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How, if at all, Should Credit Rating Agencies (CRAs) be Regulated?

Goodhart, C. A. E.

The role of credit ratings agencies (CRAs) is to forecast the probability that the issuer of a debt liability will default on the due repayment (its probability of default, PD). In this respect, CRAs are one of a large set of institutions and people who seek to forecast certain aspects of the future. As a generality, the only, or at any rate the most important, requisite of a forecast is its accuracy. So long as the forecast is accurate, it is largely beside the point how the forecaster behaves otherwise, whether they lead a blameless life, or alternatively are rude to their parents, beat their children or cheat on their spouses, etc. Moreover, in the case of CRAs, (unlike the Delphic oracle), the forecast is not only relatively clear in content, (though we shall consider later how it could, and should, be made even clearer), but also the status of the event being forecast, i.e. whether the issuer defaults, or not, on due repayment, is also relatively clear – and any remaining fuzziness often becomes subject to a legal decision. So the forecasting activities of CRAs should be susceptible to ex post accountability. Compare forecast with out-turn; assess and publish the comparative accuracy of the various CRAs' and leave competition to do the rest. We shall review what extra steps need to be taken to enhance such ex post accountability, comparing forecast with outcome, and comment briefly on how, perhaps, to enhance competition.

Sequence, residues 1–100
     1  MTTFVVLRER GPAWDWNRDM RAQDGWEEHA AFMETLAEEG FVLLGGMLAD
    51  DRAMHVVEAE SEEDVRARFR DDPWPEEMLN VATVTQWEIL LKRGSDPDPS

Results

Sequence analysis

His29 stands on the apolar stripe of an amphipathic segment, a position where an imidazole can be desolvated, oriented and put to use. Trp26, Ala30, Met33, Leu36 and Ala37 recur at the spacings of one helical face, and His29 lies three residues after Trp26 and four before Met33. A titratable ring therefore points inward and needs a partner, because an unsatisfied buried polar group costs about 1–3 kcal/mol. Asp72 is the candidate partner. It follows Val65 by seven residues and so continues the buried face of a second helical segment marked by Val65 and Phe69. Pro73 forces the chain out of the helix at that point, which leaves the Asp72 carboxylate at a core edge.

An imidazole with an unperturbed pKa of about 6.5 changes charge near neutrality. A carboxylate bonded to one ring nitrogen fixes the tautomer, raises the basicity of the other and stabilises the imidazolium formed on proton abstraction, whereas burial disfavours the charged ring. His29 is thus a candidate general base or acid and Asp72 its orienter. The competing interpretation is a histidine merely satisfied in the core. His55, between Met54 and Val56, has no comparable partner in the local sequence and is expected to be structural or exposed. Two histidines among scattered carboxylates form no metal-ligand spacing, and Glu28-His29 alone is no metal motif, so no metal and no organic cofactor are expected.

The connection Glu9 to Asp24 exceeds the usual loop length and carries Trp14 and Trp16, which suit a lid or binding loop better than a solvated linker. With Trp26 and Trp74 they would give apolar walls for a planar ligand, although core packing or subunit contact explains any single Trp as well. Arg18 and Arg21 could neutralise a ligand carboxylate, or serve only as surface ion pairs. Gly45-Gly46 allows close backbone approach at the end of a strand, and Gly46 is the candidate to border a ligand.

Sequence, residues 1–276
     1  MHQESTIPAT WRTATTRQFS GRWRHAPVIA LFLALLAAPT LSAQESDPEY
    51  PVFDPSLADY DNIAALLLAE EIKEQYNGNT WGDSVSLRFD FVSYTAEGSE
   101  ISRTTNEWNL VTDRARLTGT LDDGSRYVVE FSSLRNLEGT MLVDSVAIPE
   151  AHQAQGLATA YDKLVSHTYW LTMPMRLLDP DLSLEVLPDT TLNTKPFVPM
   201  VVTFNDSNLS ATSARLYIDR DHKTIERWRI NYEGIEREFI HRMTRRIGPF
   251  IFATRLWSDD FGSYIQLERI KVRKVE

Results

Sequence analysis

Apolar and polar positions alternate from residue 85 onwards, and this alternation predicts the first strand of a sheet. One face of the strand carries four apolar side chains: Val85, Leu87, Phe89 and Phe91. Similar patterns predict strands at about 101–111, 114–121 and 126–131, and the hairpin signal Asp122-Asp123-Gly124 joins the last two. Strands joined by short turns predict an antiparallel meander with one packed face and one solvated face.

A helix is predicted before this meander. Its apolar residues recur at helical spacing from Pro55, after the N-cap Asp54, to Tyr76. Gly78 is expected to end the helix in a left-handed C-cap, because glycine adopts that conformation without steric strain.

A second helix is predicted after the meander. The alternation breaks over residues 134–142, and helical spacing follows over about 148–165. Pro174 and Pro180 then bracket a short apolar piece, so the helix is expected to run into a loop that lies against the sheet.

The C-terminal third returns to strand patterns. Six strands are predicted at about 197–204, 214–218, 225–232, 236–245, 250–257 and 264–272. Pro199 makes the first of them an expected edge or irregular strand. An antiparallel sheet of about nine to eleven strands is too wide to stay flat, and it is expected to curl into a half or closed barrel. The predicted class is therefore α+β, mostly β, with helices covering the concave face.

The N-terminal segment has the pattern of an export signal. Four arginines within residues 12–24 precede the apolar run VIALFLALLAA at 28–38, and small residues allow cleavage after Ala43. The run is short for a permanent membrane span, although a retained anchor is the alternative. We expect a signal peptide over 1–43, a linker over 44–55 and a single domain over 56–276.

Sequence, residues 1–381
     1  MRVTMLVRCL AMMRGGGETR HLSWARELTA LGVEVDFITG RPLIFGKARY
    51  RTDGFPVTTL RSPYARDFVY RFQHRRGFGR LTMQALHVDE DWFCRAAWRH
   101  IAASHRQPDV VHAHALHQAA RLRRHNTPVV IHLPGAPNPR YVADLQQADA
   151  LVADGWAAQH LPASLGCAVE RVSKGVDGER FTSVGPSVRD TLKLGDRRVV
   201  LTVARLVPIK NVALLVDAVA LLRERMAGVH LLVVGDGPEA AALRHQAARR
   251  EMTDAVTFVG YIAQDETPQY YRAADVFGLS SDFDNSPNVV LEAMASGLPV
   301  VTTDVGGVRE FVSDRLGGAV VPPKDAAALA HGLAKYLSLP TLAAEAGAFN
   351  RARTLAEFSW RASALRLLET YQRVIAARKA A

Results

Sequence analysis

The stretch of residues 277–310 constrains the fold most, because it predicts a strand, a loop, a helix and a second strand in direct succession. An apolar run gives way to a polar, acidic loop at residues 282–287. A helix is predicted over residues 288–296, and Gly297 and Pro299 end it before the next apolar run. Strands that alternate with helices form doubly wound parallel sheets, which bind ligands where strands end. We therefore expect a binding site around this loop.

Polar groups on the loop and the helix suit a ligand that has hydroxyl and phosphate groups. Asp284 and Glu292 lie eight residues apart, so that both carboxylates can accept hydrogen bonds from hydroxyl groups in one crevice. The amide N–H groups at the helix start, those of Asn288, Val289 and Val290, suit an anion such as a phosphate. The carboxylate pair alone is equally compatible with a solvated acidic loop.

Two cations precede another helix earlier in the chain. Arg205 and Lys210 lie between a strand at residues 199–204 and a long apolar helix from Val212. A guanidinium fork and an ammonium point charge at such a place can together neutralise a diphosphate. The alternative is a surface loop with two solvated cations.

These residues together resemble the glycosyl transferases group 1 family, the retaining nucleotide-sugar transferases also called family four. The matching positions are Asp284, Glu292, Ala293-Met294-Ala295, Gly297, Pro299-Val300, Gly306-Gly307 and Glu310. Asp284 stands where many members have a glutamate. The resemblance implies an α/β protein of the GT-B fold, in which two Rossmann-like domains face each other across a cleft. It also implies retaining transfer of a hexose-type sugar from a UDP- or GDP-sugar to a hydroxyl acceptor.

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More About This Work

Academic Units
Initiative for Policy Dialogue
Publisher
Initiative for Policy Dialogue
Series
Initiative for Policy Dialogue Working Paper Series
Published Here
April 8, 2011
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